Wednesday, December 10, 2014

A Prostitue Is Someone Who Will Love You No Matter Who You Are...Or What You Look Like

In an interesting twists of twists, sex workers are proclaiming that Anita Sarkeesian's Tropes vs. Women videos, particularly the segment involving prostitutes, are not helping in the fight against real-world violence. In fact, they claim that the videos contribute to the objectification and stigma of being in a sex oriented job. So says and former sex worker, now author, Maggie McNeil.

Much of the concern is around the terms Sarkeesian uses when describing the digital characters. Sex workers are labeled as "prostitutes," which McNeil says devalues the men and women of the trade into commodities. By being a "worker" it's looked upon as a job. Where as the word "prostitute" has negative connotation in a number of cultures. The logic is people are more likely to be aggressive and abusive if you're labeled as a "prostitute." But if you're a "sex worker" that sounds like you have a real job.

I dummed down the language, but that's how it reads in the article on Reason.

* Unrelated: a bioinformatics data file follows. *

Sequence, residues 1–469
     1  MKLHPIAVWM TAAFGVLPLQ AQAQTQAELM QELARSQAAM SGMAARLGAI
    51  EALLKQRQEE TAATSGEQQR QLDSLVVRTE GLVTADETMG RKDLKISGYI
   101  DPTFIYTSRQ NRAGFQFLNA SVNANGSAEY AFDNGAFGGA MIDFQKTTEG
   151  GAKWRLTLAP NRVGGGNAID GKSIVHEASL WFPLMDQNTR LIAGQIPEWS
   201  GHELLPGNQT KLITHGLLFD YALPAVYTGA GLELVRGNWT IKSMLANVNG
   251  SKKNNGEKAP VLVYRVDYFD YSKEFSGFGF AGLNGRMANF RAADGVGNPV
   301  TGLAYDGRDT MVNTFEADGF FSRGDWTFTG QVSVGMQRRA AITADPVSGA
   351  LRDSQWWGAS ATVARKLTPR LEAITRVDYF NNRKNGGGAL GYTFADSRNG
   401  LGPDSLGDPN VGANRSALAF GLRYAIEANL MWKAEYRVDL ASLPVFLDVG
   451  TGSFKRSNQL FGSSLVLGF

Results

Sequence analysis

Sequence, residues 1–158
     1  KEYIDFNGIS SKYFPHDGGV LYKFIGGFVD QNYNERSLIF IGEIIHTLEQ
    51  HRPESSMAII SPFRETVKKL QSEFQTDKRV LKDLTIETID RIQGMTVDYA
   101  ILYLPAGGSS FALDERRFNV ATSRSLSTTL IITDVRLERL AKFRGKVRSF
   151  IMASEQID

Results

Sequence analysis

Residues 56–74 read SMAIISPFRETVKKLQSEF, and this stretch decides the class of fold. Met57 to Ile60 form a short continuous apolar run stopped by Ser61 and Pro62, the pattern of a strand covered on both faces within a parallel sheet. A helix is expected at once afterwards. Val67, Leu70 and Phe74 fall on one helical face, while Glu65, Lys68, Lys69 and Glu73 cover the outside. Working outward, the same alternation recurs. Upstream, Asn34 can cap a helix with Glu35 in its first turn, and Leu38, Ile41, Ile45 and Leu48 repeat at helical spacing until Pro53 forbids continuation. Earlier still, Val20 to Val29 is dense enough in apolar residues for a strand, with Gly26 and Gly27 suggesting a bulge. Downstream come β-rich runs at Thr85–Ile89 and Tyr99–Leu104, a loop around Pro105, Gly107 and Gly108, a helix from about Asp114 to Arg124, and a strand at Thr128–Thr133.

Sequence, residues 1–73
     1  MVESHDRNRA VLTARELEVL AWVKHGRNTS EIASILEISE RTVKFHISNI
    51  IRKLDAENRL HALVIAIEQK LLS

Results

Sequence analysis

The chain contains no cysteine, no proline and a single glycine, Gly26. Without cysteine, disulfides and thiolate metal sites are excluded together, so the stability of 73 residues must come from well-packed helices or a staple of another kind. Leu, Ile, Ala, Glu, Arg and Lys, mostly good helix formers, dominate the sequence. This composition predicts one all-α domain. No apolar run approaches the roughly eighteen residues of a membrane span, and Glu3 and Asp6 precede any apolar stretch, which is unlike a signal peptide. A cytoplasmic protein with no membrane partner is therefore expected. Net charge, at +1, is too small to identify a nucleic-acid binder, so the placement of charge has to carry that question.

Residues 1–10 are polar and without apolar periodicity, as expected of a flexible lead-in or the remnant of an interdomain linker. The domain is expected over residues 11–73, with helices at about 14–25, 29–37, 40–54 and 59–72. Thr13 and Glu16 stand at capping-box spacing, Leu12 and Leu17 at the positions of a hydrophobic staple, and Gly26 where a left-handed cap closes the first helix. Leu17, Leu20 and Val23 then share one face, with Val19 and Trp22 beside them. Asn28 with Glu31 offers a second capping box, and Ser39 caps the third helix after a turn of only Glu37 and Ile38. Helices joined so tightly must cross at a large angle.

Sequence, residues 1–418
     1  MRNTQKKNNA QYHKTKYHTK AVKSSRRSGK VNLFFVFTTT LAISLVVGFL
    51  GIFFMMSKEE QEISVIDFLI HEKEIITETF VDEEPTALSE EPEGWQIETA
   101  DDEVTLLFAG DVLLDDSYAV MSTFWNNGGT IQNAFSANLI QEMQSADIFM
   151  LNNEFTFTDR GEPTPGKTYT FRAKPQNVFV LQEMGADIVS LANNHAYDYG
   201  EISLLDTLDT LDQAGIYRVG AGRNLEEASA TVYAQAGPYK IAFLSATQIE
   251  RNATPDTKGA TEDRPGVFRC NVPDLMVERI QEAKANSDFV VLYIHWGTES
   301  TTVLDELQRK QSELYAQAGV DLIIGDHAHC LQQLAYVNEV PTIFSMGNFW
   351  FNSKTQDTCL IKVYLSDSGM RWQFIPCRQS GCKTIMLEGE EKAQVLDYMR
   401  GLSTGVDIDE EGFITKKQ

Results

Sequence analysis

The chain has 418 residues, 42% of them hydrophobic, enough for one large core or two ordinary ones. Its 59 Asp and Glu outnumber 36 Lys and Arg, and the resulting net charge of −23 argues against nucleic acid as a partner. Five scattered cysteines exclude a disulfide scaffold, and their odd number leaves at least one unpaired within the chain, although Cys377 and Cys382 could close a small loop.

But there are just as many sex workers that agree with Sarkeesian's position. N'jaila Rhee, adult web model, is also a gamer. Many of the things Sarkeesian has pointed out with her web series resonated with Rhee, but that the true concern is how "Feminism 101" Sarkeesian's points are. The issue Rhee and others have is not about the use of the word prostitute, but how simple Sarkeesian is making her stance. Now I would argue this is to help with public consumption, because most people in the U.S. never learn about feminism outside of the 19th Amendment in the Constitution giving women the right to vote.

The piece is Safe for Work and worth the read. Though it is interesting to see how a number of other groups outside of the #GamerGate hashtag are rallying against Sarkeesian. While I appreciate the effort and what she is trying to accomplish, I don't agree with her on a lot of points. Some of it feels like it's grasping at straws and other times it's almost like "tell me what we can do to fix this?" Because that's the bigger problem. No one has a solution and we're all looking for a way to resolve it.


Post a Comment

Thank you for taking the time to leave a comment.

We ask that you please do not include any offensive, sexist, or derogatory language - otherwise your comment will be removed.